Today’s announcement is what NASA considers a realistic plan: Artemis II in September 2025, Artemis III in September 2026, and Artemis IV on its current schedule for September 2028. Additional schedule changes are in the works for the Gateway space station that will orbit the Moon and support the landings. The first two components, a Power and Propulsion Element (PPE) and a Habitation and Logistics Outpost (HALO) were supposed to launch in September 2025, but that also will be delayed. Gateway is being built by an international partnership among the United States, Canada, Europe, Japan, and, as of Sunday, the United Arab Emirates. NASA is providing the PPE and HALO.

Free has warned in the past about the Artemis III schedule, especially for Starship HLS.  Starship cannot go directly to the Moon. It must stop in Earth orbit and refuel at a propellant depot. No propellant depots exist today and in-orbit transfer of cryogenic propellant (liquid methane and liquid oxygen) from one vehicle to another has never been done.  One Starship will be launched to serve as the depot, then many more to fill it up. Then the Starship that will serve as the HLS can be launched, refueled and sent on its way.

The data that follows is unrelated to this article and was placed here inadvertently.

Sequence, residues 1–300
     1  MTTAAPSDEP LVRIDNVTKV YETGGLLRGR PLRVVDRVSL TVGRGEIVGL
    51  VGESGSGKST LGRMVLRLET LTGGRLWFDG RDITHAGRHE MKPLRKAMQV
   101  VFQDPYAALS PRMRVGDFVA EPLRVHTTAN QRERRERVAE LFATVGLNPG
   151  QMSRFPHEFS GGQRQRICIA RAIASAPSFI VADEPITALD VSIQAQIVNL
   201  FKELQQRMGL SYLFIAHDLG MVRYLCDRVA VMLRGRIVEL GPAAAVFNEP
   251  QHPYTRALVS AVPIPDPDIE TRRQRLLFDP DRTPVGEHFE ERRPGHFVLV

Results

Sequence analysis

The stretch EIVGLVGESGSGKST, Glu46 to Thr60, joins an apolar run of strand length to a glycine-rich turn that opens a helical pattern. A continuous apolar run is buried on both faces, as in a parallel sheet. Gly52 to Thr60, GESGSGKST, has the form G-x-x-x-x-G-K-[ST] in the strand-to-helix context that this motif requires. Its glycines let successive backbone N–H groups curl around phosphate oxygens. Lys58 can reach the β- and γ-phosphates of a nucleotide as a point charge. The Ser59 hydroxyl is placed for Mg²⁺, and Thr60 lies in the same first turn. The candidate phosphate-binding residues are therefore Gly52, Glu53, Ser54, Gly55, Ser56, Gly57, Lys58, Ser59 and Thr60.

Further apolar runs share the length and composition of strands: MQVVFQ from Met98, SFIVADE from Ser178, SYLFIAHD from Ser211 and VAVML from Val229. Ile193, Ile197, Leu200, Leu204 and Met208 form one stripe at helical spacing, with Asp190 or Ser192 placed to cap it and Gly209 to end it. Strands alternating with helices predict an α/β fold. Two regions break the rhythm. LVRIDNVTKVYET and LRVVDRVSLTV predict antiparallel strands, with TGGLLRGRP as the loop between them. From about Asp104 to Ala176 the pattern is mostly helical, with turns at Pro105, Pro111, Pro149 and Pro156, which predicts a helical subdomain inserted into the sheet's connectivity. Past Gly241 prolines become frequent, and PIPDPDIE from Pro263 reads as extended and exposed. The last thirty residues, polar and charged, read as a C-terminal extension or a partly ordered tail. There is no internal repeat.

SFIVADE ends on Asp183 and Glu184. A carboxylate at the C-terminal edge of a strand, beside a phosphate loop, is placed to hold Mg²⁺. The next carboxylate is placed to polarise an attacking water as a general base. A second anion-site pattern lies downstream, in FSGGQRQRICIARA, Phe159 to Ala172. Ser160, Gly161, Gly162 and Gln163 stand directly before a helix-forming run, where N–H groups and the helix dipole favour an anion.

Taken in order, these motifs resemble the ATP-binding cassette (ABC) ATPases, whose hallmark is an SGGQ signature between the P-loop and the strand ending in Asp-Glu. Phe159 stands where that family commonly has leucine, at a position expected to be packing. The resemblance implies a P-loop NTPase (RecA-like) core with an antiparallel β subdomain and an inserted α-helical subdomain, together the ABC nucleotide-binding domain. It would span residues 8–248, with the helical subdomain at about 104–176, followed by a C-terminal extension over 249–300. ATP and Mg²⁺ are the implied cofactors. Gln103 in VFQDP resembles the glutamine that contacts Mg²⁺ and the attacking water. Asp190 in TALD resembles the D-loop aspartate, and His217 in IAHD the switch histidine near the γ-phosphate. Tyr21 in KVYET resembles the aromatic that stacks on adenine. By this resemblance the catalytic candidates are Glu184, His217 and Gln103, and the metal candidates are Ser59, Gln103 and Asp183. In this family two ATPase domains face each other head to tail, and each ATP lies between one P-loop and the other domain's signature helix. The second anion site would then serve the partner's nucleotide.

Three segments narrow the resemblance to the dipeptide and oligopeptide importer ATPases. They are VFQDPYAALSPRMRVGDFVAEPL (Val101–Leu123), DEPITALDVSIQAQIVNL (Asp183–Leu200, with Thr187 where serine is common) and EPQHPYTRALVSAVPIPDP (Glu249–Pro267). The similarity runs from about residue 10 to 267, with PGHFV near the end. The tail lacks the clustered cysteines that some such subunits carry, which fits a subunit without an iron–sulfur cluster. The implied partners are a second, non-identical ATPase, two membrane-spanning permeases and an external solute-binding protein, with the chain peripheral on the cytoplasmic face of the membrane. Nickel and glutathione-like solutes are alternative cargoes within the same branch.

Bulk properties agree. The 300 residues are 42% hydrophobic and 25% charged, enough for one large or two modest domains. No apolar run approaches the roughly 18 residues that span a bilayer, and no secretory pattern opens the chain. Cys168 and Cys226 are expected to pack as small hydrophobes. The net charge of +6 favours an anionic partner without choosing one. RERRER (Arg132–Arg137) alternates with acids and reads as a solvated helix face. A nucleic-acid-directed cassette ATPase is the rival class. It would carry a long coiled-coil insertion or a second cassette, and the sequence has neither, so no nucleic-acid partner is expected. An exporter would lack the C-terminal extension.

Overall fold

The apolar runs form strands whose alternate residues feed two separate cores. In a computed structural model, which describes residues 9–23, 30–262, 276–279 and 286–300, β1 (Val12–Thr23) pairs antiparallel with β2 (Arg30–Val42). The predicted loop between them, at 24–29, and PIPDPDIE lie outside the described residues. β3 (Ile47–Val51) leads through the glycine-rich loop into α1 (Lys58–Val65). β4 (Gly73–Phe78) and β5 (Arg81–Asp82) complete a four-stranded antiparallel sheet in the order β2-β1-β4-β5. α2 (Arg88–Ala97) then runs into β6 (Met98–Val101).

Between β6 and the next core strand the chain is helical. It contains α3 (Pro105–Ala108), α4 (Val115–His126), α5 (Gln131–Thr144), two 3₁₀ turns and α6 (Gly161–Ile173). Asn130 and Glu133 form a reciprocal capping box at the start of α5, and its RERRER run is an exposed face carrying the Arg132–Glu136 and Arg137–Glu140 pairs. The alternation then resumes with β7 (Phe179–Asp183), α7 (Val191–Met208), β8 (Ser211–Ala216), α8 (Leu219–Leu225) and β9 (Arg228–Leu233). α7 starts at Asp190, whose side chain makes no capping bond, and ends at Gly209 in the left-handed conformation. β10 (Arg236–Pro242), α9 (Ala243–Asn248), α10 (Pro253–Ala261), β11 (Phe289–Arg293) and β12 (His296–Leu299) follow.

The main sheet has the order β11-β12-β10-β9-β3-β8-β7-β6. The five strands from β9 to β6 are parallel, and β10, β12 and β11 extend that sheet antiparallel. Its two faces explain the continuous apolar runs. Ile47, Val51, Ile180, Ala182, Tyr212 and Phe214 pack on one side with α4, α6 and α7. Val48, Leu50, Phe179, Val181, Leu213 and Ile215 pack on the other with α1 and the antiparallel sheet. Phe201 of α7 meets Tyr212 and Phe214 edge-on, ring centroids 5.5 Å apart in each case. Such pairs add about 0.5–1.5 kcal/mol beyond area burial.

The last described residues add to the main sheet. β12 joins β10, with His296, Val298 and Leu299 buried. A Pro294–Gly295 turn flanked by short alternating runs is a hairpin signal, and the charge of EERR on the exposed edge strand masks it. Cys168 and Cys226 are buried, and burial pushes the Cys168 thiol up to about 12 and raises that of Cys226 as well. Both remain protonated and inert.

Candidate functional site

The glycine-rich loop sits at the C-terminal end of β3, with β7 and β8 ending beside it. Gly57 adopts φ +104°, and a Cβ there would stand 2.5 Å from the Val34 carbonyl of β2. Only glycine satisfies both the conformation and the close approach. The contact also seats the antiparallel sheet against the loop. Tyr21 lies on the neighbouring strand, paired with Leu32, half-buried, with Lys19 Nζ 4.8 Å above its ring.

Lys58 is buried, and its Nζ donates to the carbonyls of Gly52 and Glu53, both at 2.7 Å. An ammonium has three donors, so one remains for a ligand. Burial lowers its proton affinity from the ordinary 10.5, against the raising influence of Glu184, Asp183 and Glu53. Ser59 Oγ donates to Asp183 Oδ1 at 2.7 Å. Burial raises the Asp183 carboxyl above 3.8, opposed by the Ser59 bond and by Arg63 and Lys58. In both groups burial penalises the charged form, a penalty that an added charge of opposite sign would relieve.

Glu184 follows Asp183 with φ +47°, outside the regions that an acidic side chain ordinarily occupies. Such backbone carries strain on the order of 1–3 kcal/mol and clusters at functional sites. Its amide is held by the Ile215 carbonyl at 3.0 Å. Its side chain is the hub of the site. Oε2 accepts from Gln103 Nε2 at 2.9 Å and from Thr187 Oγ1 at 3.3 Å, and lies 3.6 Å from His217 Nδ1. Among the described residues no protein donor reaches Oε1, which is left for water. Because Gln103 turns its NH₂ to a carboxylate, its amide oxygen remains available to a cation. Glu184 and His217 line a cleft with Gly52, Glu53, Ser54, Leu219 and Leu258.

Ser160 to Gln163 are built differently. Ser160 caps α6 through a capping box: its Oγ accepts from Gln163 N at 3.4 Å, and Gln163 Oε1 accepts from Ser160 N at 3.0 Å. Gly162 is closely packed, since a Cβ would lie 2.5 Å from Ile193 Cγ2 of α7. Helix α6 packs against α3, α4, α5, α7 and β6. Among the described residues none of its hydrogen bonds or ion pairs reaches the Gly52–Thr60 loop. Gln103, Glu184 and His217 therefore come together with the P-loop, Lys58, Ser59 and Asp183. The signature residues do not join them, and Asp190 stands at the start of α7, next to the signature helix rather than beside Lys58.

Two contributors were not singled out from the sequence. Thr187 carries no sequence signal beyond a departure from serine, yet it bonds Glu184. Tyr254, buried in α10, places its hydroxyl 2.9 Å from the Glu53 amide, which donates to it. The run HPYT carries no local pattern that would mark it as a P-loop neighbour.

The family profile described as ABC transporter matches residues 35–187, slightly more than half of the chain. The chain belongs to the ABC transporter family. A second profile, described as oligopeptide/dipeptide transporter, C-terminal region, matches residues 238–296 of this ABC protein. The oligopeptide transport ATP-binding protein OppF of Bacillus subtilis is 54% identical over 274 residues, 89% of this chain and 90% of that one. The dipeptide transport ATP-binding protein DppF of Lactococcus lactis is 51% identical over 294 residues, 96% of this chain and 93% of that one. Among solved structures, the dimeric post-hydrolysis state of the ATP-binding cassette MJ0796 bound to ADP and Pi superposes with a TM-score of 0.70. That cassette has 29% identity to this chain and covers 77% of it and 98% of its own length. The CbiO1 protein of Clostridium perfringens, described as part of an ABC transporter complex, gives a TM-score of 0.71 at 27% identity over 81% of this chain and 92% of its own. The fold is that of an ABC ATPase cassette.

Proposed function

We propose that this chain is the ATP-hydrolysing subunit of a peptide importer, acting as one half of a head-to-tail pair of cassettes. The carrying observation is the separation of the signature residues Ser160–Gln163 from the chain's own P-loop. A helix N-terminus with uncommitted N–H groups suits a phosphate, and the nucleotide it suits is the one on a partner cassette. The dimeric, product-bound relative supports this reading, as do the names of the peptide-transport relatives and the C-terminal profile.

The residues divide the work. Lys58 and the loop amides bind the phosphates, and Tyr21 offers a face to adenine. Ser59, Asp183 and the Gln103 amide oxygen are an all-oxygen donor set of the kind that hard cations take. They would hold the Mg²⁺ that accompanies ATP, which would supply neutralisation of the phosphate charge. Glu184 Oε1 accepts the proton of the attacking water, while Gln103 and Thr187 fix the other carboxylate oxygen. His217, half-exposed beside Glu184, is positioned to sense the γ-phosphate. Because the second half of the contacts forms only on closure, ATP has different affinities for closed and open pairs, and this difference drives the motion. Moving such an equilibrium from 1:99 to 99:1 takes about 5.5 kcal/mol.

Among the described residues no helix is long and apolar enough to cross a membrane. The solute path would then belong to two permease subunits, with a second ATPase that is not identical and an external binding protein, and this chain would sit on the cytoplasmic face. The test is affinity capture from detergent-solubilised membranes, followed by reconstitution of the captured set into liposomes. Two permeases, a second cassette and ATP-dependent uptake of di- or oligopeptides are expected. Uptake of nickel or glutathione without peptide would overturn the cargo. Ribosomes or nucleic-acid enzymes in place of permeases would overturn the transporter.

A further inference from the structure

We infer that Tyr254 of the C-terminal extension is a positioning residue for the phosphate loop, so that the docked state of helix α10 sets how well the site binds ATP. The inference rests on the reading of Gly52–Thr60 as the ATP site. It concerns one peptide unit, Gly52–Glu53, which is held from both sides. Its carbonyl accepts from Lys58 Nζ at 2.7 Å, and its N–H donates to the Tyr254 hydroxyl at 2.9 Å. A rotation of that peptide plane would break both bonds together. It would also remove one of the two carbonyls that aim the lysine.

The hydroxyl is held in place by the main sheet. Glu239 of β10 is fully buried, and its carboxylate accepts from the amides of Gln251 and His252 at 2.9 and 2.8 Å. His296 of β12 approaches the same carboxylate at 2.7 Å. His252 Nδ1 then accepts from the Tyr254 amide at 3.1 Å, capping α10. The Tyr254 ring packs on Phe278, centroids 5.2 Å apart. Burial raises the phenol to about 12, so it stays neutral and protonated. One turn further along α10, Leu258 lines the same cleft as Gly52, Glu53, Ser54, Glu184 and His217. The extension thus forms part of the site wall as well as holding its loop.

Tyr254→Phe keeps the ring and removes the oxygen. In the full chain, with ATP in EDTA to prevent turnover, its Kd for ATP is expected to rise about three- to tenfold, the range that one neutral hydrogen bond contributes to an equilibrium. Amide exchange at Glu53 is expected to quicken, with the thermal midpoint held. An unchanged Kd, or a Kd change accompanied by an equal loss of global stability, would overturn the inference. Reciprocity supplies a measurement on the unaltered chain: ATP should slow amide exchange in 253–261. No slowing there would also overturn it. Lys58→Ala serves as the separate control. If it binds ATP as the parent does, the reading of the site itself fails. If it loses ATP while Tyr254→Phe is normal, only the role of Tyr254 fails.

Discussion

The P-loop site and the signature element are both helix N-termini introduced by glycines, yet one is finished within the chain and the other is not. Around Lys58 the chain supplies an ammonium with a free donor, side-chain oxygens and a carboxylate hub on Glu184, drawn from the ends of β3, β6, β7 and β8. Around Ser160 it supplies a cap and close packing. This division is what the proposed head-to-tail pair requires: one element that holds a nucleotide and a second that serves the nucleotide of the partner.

Illustration of SpaceX’s Starship Human Landing System on the Moon. Note the astronauts at the bottom of the lander for scale. Credit: SpaceX

SpaceX’s contract with NASA requires an uncrewed Starship HLS landing on the Moon before the Artemis III mission. That was another delay announced today. Instead of launching this year, SpaceX Vice President of Customer Operations and Integration Jessica Jensen said at the media telecon that it will be in 2025. The contract only requires SpaceX to land on the Moon, not lift off, but Jensen said the test was “an uncrewed landing on the Moon and then ascending off the surface.”

A lot of mystery surrounds just how many Starship launches are needed for a single HLS mission to the Moon. Asked today for that number, Jensen tried to avoid a direct answer, but Nelson intervened and she finally replied she thinks it will be about 10, but could be more or less.